Punt of the Year

The impact of every play is amplified in overtime, even punts. During the Patriots OT struggle with the Ravens last Sunday, punter Zoltan Mesko may have made the punt of the year. Facing a 4th and 6 from their own 16, Mekso was called in try to bail out the Patriots.

Typically, punts from that region of the field net about 39 yards, putting the Ravens at their own 45, and it looked like the Ravens were going to win the field position battle. From there, it only takes one or two first downs to move into striking distance for a game winning FG attempt. When Mesko trotted onto the field, the Patriots' win probability (WP) was 0.33.

Mesko’s punt went for 65 yards, aided by wind and by poor fielding by the Ravens returner. When the ball came to rest on the Baltimore 19 yard line, the Patriots had gained the upper hand with a 0.54 WP. The punt was worth +0.21 Win Probability Added (WPA), an impact extremely rare for a punt that neither results in a long return nor a fumble.

On a side note, I noticed that in more than one of the write-ups of the punt, it was described as a big turn-around moment for Mesko. One article noted that he had been struggling, ranked only 24th in the league in net punt distance. This is silly. Mesko plays on a team with a very good offense, so his punts are going to tend to be from near midfield or better. Those kinds of punts are almost always shorter than punts from deeper in a team’s own territory due to the short field. Rankings punters by net distance without considering where he’s punting from is nearly meaningless.

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14 Responses to “Punt of the Year”

  1. Anonymous says:

    I've always wondered why punters
    are measured by a simple metric...punt yardage/yards to goal and/or net punt
    yardage/yards to goal. This doesn't reward the boomers that play for
    crappy teams but I think it definitely rewards the directional punters who
    shoot for the "coffin corner".

    I'm quite certain that this stat is better than average punting distance.
    Any thoughts?

  2. Ken S says:

    How about a post comparing other metrics for punter effectiveness? Maybe average WPA per punt, or average yards from point of impact to the opponents goal line. Or a "average yards from target" metric that takes the target as the goal line on punts less than, say, 60 yards and 60 yards as the target for longer punts.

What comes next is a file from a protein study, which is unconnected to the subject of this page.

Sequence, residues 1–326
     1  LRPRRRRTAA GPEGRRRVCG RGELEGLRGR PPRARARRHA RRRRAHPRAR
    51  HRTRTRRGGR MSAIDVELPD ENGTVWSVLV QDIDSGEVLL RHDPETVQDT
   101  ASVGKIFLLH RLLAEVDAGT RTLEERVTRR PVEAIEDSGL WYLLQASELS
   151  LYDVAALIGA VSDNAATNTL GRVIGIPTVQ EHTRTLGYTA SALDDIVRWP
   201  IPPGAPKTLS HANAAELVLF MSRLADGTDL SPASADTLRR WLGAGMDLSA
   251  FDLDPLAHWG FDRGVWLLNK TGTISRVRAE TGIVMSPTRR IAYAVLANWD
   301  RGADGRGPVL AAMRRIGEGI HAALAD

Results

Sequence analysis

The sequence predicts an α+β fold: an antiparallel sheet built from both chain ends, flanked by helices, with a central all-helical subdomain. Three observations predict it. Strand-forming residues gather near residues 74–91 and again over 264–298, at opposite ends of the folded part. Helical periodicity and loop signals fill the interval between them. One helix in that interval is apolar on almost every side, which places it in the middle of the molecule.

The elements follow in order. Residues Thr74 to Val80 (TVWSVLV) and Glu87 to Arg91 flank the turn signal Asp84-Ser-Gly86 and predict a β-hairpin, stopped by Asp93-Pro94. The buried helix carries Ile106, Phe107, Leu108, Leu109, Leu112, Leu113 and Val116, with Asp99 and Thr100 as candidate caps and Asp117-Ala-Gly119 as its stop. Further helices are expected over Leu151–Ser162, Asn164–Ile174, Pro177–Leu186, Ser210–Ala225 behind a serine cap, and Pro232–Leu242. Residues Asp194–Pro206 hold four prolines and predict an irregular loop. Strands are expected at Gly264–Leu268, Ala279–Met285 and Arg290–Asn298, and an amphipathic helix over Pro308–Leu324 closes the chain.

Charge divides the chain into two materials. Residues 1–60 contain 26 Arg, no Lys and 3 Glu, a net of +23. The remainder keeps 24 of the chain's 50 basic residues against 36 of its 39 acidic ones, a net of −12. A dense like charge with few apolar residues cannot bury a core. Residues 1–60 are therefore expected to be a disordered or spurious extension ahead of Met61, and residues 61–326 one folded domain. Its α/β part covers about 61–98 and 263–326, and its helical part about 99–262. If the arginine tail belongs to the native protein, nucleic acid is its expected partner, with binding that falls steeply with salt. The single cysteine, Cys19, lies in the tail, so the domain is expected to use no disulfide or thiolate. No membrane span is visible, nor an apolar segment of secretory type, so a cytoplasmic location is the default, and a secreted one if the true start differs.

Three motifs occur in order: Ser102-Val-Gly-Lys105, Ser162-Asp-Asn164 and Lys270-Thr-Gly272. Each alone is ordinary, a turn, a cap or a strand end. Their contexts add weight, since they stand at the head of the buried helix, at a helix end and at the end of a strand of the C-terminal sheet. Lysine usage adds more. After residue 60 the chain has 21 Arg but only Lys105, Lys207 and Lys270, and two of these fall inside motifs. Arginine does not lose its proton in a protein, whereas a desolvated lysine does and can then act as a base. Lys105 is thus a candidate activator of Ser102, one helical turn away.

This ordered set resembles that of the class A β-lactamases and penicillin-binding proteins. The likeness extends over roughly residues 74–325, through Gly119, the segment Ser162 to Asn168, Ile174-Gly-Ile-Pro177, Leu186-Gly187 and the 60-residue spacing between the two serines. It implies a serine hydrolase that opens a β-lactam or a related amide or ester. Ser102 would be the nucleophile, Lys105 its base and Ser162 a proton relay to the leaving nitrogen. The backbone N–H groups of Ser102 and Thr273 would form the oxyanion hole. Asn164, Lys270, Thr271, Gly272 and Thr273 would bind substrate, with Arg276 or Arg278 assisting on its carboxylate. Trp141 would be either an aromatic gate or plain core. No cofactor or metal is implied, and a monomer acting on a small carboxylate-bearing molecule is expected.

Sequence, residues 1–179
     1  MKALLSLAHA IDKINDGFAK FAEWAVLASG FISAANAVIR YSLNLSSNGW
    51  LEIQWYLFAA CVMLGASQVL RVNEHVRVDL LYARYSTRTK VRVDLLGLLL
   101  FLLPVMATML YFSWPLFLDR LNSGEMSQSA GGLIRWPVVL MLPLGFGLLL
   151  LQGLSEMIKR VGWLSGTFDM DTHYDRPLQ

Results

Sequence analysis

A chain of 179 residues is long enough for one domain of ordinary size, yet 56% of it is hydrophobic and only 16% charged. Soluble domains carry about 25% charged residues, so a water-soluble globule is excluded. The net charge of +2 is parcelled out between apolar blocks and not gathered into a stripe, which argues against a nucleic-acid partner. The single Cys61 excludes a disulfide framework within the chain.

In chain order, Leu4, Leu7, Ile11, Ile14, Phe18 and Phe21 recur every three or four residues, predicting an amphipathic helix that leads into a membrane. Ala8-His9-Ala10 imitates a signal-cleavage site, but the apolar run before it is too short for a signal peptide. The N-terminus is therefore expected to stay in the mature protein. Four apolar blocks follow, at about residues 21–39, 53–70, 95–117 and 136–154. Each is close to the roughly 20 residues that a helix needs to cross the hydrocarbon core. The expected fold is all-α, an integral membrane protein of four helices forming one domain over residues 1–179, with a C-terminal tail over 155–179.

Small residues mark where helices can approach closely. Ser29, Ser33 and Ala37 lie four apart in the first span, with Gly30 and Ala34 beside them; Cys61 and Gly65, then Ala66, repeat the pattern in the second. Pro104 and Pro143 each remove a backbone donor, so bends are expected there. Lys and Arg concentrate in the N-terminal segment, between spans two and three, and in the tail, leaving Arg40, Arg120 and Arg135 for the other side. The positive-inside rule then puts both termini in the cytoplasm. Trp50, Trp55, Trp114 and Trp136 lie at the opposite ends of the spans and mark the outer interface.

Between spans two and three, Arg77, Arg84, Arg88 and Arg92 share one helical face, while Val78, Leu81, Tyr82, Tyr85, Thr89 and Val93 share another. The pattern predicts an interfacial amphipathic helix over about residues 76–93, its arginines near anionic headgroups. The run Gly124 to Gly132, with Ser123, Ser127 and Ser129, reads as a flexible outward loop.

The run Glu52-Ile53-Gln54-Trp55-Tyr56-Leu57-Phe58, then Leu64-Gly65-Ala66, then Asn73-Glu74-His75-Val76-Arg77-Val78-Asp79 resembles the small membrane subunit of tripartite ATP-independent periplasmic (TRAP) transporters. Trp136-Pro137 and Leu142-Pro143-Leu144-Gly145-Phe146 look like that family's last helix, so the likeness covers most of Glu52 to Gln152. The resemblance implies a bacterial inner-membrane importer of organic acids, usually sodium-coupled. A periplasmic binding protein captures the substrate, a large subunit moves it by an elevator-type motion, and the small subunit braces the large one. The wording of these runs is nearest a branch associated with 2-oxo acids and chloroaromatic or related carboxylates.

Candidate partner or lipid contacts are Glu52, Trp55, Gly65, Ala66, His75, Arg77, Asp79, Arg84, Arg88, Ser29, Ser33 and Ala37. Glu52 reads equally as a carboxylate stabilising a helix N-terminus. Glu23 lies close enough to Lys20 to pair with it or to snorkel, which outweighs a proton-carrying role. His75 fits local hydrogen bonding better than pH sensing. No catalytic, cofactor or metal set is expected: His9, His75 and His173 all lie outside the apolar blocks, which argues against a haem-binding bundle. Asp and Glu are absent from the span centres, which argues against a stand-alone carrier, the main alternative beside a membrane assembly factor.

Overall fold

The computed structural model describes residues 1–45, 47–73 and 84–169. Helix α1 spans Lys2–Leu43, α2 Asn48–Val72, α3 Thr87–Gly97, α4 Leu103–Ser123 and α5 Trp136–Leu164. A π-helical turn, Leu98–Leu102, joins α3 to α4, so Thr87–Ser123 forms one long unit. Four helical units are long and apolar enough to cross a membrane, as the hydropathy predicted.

3. Anonymous says:

    The pro football abtract has a stat called adjusted punting yards that adds 10 yards for each Inside 20 and subtracts 20 yards for each touchback

  4. J.R. says:

    Could you rank punters by their average WPA-per-punt, or perhaps by valuing the change in field position as points using Romer's methodology for assigning point value?

  5. Anonymous says:

    No mention of the flip side? Tom Masthay's 37 yard punt in OT from Green Bay's own 15 allowed the Dolphins to start at their own 48. Two first downs later they kicked a 44 yard field goal to win. It looks like it wasn't devastating according to WP, but he sure didn't help his team.

  6. Samer says:

    Great article.

    And I agree 100% that gross/net yards is not, in and of itself, a particularly useful stat.

    I'd love to see something like % of goalline distance as a stat.

  7. Sampo says:

    It would be interesting to see the Punters(and kick coverages) ranked by Yards over Expected Net Yards (considering the region of the field).

    Actually similar study for running backs would be interesting. With consideration for down and distance.

    WPA and EPA are great tools but the effect of playcalling is huge.

  8. Anonymous says:

    "The pro football abtract has a stat called adjusted punting yards that adds 10 yards for each Inside 20 and subtracts 20 yards for each touchback"

    The "inside 20" stat for punters is way too generous; it should be changed to "inside 10" or so.

  9. Andrew Foland says:

    The "adjusted punting yards" is a kludge--why the 20 yard line? Why 10 yards added? How were these parameters arrived at?

    The beauty of metrics like EPA or WPA (in general, not just for punts) is that there really aren't any "free parameters" that need to be picked out of thin air. And in principle they automatically adjust for all the situational factors without ad hoc tuning.

  10. Brian Burke says:

    Keep in mind all that stuff ranks punt teams and not necessarily the punter alone. EPA and WPA would be what would be best, but they're a little abstract and context-sensitive. Maybe "yards above expected" would be more digestible.

  11. Anonymous says:

    Is there video of this punt?

  12. Patrick Haskell says:

    FWIW, Mesko has been fairly inconsistent this year, mishitting a number of punts. He's had good fortune in that his mishits are such suprises that they often roll dead rather than getting returned, but it is not inaccurate to say he has struggled.

    As a Patriots message board poster, who took the time to review the game logs, pointed out
    (http://www.patsfans.com/new-england-patriots/messageboard/10/683645-mesko-punt-year.html),
    only two of Mesko's 16 punts have been from the opponent's side of the field, and thus net yards is, in this case, a good indicator of his mixed effectiveness.

  13. Anonymous says:

    A punt is really just a controlled turnover, so perhaps a punt per play stat similar to the other turnover rates would be a better stat to use

  14. Michael Goetze says:

    Now would still be a good time for some stats on punters, so we can evaluate whether taking Bryan Anger in the 3rd round was a horrible mistake or not. ;)

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